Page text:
'Grizzly Man' Soundtrack Q&A

RT Discussion List 'Grizzly Man' Q&A
Courtesy of Flip @

FF: You've been active in the music business for years,a couple of times you've been involved in making film music. What strikes you as being important differences in terms of professionalism, economics, budgets, publicity,glamour and impact?

RT: Film music brings its own demands. Like every other facet of film making, the composer is slave to the picture, and must adjust his style and ego to fit. Often music is the last thing to be done, when most of the money has been spent! - so a common scenario is, "There's no money and we need it next week". Not true of this project.

FF: How annoying is it, having worked so hard with other musicians, producers and engineers for a couple of days to find out only a few minutes of the music have made it to the film?

RT: Our expectation at the outset was that we would place only about 4 music cues, and we ended up with way more than that in the film, so in this case the reverse was true. On other projects, the most frustrating thing is to work diligently on a cue, timing it to the fraction of a second, only to see it dumped, or the whole scene cut, or another cue just repeated to fill the same space. But as I said, one is a slave, and it's the Director's business, and the script writer is suffering far more than you.

FF: Quite some of the pieces during the sessions seem to have been improvising. Do you like improvising with others or are you more programmed to find song-formats with verses, a chorus, a bridge as soon as you can in a creative process?

RT: It's just degrees. when we record songs, within the verse/chorus structure things are loose, and musicians can play what they feel fits. On 'Grizzly' we had loose structures, maybe a chord sequence, maybe a sketchy idea of shape, maybe just a starting key. It was fun to do this and see where it led, keeping the emotion/emotional development of the scene, and the scene length, in mind.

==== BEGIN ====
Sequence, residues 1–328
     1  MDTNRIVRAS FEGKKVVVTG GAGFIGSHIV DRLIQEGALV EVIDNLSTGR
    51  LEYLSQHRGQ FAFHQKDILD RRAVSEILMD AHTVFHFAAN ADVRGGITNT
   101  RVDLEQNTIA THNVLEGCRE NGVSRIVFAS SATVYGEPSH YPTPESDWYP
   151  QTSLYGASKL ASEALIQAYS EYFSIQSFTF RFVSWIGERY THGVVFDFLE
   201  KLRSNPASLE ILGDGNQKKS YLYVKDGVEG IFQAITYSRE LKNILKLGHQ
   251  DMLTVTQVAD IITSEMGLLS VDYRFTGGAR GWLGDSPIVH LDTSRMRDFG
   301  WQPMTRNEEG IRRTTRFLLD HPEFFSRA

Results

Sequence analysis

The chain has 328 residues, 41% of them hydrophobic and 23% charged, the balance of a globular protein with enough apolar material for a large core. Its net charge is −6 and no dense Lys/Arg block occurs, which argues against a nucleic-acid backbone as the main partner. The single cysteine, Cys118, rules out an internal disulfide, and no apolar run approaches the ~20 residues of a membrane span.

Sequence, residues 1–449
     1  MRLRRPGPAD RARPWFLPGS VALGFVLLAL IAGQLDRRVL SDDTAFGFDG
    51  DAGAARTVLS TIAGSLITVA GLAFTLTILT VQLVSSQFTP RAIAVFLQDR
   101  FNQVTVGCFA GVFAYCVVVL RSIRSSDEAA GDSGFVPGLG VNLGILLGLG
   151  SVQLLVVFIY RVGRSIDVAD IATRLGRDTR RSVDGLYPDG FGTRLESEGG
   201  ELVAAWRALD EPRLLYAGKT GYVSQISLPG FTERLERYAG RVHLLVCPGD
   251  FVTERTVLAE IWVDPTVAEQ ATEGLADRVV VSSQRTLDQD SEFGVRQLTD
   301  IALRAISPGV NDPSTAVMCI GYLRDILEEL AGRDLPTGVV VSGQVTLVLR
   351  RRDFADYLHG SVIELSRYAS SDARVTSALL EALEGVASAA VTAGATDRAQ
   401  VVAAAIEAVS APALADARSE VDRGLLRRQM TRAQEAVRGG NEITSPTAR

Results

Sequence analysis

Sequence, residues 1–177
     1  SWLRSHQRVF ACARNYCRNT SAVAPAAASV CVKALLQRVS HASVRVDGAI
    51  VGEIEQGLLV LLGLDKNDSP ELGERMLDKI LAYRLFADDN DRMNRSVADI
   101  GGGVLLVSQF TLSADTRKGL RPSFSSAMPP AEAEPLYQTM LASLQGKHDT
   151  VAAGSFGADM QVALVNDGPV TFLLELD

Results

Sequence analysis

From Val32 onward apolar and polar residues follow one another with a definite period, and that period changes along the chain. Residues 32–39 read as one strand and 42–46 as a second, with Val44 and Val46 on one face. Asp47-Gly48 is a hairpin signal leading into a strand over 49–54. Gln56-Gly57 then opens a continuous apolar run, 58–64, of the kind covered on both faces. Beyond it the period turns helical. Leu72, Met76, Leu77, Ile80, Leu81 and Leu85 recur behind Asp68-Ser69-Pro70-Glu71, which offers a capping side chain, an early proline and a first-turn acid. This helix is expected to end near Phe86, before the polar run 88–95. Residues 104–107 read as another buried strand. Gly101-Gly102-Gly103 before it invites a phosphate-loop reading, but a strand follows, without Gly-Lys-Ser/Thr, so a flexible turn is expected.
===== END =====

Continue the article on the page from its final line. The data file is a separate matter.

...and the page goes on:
FF: Do you think your work for Grizzly Man has brought/will bring your music to the attention of new audiences?

RT: It has and it does, to some extent. It certainly exposes you to a new set of people, and they can take it or leave it. Living where I do, on the edge of the film industry, I know a lot of editors, producers, directors, etc. - and my stock has risen with the neighbours! It's the first time I've appeared on their radar.

FF: To what extent is what we see in the "In The Edges"-feature typical for how you usually work while recording in a studio (not talking about your garage now)?

RT: It's not typical, for all the reasons I said about film music, and serving the film.

FF: For what aspects of Timothy Treadwell's life could you bring up any sympathy? Why?

RT: Treadwell was obviously a flawed character, with a sentimental view of nature and an egotistical need to see himself as a protector of wildlife. In spite of his faults, I think he was a great nature photographer, and during his off-seasons, when he visited schools, he probably did more good than harm in being passionate about grizzlies, and protecting the National Parks.

FF: What are your own favourite tracks of the Grizzly Man sessions? Why?

RT: I was most proud of the solo pieces I did towards the end of the sessions, some of which are on the soundtrack, and a couple of pieces with Daniella, just electric guitar and cello. I was working to tight timeframes, and did a whole series of short cues with no retakes.

FF: Werner Herzog. You've said "I have admired WH for many years, he has produced, for me, some of the most striking and poetic images in cinema history". Which WH-films would you recommend in particular?

RT: I'd go for 'The Enigma of Kaspar Hauser' and 'Aguirre, The Wrath Of God'. For documentaries, how about 'The Great Ecstasy Of Woodcarver Steiner' and 'The Wild Blue Yonder'.

FF: Henry Kaiser. What's special about making music with HK? What are good things of having HK around as a producer? Prepared piano? New horizons? Discipline?

RT: For reasons we don't have to go into, Henry doesn't think like other people, so his vision is always unique. He is also a great student of film and film music, and was very focused during recording. It was also wonderful to have Jim O'Rourke there, who is a cinematic lexicon, and superb musician.

FF: What will be your next soundtrack?

RT: Unknown.